I zipped my coat, pulled up my hood, and wished I’d thought about putting on a sweater before I left.

  A bus wouldn’t get me to Mama’s fast enough. However, the good thing about being a six-foot-tall woman was that cabs, few and far between though they may be, stopped when you whistled. It didn’t hurt that I had my dad’s good looks, either. When I was in the mood to smile, I could get almost anyone to see things my way, even without using magic. True to the Beckstrom blood, I also had a gift for magic-based Influence. But after watching my dad Influence my mother, his lovers, business partners, and even me to get his way, I’d sworn off using it.

  It wasn’t like I had wanted to go to Harvard. I had Juilliard in mind: art, not business; music, not magic. But my dad had severe ideas about what constituted a useful education.

  I waved down a black-and-white taxi and ducked into the backseat. The driver, a skinny man who smelled like he brushed his hair with bacon drippings, glanced in the rearview. “Where to?”

  “St. John’s.”

  His eyes narrowed. I watched him consider telling a nice girl like me about a bad side of town like that. But he must have decided a fare’s a fare, and a one-way was better than none at all. He pulled into traffic and didn’t look back at me again.

  In the best light, like maybe a sunny day in July, the north side of Portland looks like a derelict row of crumbling shops and broken-down bars. On a cold, rainy September day like today, it looks like a wet derelict row of crumbling shops and broken-down bars.

  Crawling up from the river, the neighborhood had that rotten-tooth brick-and-board architecture that attracted the poor, the addicted, and the desperate. Unlike most of the rest of Portland, it stood pretty much as it had been built back in the 1800s, except it had one other thing going against it—there was no naturally occurring magic beneath the streets of North Portland. The city had conveniently forgotten to add the fifth quadrant of town into the budget when running the lead and glass networks to make magic available, so now the rest of the city largely ignored the entire area, like a sore beneath the belt everyone knew about, but no one mentioned in polite company.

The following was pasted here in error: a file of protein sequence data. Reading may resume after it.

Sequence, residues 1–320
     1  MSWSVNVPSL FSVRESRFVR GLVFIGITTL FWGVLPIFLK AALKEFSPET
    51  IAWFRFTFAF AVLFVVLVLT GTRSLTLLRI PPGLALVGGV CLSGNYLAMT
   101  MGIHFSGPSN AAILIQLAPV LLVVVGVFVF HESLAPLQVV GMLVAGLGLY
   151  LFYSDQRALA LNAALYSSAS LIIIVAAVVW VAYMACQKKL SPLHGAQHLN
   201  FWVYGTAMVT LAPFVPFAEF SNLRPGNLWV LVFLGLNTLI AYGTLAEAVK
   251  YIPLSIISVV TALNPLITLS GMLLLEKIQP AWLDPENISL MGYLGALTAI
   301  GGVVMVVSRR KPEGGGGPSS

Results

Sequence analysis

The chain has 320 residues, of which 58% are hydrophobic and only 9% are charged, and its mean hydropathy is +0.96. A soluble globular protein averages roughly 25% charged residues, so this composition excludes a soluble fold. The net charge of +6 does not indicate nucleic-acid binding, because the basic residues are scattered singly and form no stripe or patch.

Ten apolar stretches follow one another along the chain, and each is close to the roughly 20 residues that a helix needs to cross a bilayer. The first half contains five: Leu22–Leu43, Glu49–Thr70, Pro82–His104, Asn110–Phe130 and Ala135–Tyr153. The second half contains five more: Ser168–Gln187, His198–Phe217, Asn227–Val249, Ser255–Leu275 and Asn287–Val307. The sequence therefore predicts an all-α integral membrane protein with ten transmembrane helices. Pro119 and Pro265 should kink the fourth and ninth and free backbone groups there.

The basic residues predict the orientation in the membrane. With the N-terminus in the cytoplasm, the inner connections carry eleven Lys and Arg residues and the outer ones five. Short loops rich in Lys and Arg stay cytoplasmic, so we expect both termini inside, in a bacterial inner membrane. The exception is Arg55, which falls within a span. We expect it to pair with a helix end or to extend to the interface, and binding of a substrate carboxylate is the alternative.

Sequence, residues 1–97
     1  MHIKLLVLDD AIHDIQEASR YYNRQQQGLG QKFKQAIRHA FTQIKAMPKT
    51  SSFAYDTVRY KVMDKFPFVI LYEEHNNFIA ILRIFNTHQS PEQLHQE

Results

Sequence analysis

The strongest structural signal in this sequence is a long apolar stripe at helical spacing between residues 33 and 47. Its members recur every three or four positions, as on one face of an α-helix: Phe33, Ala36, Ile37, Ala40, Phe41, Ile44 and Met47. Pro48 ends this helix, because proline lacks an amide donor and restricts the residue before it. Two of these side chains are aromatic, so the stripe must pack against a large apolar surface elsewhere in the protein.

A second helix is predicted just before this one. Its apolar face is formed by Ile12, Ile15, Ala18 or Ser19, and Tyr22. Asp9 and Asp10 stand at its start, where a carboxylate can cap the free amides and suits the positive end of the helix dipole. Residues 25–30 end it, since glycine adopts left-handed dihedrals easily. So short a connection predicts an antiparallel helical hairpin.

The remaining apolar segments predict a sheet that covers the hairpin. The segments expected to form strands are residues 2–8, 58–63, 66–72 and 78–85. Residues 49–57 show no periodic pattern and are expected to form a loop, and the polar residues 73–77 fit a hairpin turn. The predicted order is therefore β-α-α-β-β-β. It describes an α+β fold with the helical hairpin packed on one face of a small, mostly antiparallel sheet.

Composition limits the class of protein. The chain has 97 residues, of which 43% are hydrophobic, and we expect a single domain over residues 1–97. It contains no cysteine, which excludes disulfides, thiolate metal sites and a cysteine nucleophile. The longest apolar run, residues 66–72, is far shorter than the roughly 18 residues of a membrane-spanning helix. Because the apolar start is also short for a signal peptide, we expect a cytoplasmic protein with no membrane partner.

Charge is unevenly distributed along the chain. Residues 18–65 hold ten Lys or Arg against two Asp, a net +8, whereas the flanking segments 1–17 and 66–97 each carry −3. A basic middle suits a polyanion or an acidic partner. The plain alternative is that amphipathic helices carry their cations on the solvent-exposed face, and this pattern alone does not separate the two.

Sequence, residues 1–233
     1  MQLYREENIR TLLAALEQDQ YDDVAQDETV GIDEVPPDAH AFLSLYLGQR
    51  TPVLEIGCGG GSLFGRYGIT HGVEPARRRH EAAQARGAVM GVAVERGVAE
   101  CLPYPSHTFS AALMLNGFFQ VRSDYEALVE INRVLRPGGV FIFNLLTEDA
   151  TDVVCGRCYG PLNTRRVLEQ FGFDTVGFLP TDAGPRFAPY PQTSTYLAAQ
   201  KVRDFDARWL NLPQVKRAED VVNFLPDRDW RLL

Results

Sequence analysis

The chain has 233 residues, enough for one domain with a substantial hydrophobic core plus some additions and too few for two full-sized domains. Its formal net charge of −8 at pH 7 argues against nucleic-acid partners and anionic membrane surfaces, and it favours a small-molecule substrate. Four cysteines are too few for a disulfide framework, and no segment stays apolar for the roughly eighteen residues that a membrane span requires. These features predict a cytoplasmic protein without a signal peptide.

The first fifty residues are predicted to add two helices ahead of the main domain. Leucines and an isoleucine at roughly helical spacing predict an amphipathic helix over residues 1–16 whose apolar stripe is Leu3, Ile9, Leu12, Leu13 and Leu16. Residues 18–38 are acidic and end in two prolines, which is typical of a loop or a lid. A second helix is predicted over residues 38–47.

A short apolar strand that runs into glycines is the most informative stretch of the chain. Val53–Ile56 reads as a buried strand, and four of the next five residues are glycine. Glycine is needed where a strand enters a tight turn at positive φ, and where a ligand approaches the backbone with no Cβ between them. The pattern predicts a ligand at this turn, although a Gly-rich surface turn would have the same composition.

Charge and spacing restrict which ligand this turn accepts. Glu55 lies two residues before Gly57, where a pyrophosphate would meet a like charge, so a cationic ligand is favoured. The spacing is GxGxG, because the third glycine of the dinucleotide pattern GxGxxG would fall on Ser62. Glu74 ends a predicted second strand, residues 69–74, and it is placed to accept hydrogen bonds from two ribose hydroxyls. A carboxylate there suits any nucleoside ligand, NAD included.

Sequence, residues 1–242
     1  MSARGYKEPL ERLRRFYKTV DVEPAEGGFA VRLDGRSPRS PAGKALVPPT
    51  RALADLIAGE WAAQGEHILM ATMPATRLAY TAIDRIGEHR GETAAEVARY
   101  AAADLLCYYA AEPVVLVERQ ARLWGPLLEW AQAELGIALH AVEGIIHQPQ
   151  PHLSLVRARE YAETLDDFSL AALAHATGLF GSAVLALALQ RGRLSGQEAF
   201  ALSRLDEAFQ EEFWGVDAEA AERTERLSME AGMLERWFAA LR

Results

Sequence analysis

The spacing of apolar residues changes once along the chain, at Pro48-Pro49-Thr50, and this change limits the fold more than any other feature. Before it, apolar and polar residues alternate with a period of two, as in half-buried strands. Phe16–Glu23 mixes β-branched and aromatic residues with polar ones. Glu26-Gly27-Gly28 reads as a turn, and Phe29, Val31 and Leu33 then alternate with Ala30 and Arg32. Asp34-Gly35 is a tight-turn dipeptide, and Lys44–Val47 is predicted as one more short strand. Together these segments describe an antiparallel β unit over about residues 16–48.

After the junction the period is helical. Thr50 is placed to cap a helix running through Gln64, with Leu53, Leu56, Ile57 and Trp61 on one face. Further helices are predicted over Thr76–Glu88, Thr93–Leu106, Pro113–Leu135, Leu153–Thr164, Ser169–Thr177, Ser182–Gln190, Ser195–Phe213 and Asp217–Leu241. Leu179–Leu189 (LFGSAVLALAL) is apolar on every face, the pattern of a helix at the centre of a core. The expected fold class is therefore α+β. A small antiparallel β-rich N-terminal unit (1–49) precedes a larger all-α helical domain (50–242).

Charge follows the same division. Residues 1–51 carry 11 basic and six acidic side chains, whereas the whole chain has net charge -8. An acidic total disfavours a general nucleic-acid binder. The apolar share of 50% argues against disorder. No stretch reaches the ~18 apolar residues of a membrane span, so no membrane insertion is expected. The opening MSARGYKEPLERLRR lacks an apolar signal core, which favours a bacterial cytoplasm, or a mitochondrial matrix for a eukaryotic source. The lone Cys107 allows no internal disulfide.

The driver rolled the cab to a stop just on the other side of the railroad track, and I couldn’t help but smile. He must have heard of the neighborhood’s rules and rep. Outsiders were tolerated in St. John’s most days. Only no one knew which days were most days.

  “Want me to wait?” he asked, even though he probably already knew my answer.

  “No,” I said, “I’ll bus home. Will ten cover it?” He nodded, and I pressed the money into his hand. I pushed the door open against the wind and got a face full of rain.

  I stepped onto the sidewalk and got moving. Mama’s wasn’t far. I took a couple deep breaths, smelled rain, diesel, and the pungent dead-fish-and-salt stench off the river. When the wind shifted, I got a noseful of the sewage treatment plant. Then I caught a hint of something spicy—peppers and onions and garlic from Mama’s restaurant—and grinned.

  I didn’t know why, but coming to this part of town always put me in a better mood. Maybe it was a sick sort of kinship, knowing that other people were holding together while everything was falling apart too. There was a certain kind of honesty in the people who lived here, an honesty in the place. No magic to keep the storefronts permanently shiny and clean, no magic to whisk away the stink of too many people living too close together, no magic to give the illusion that everyone wore thousand-dollar designer shoes. I liked the honesty of it, even if that honesty wasn’t always pretty.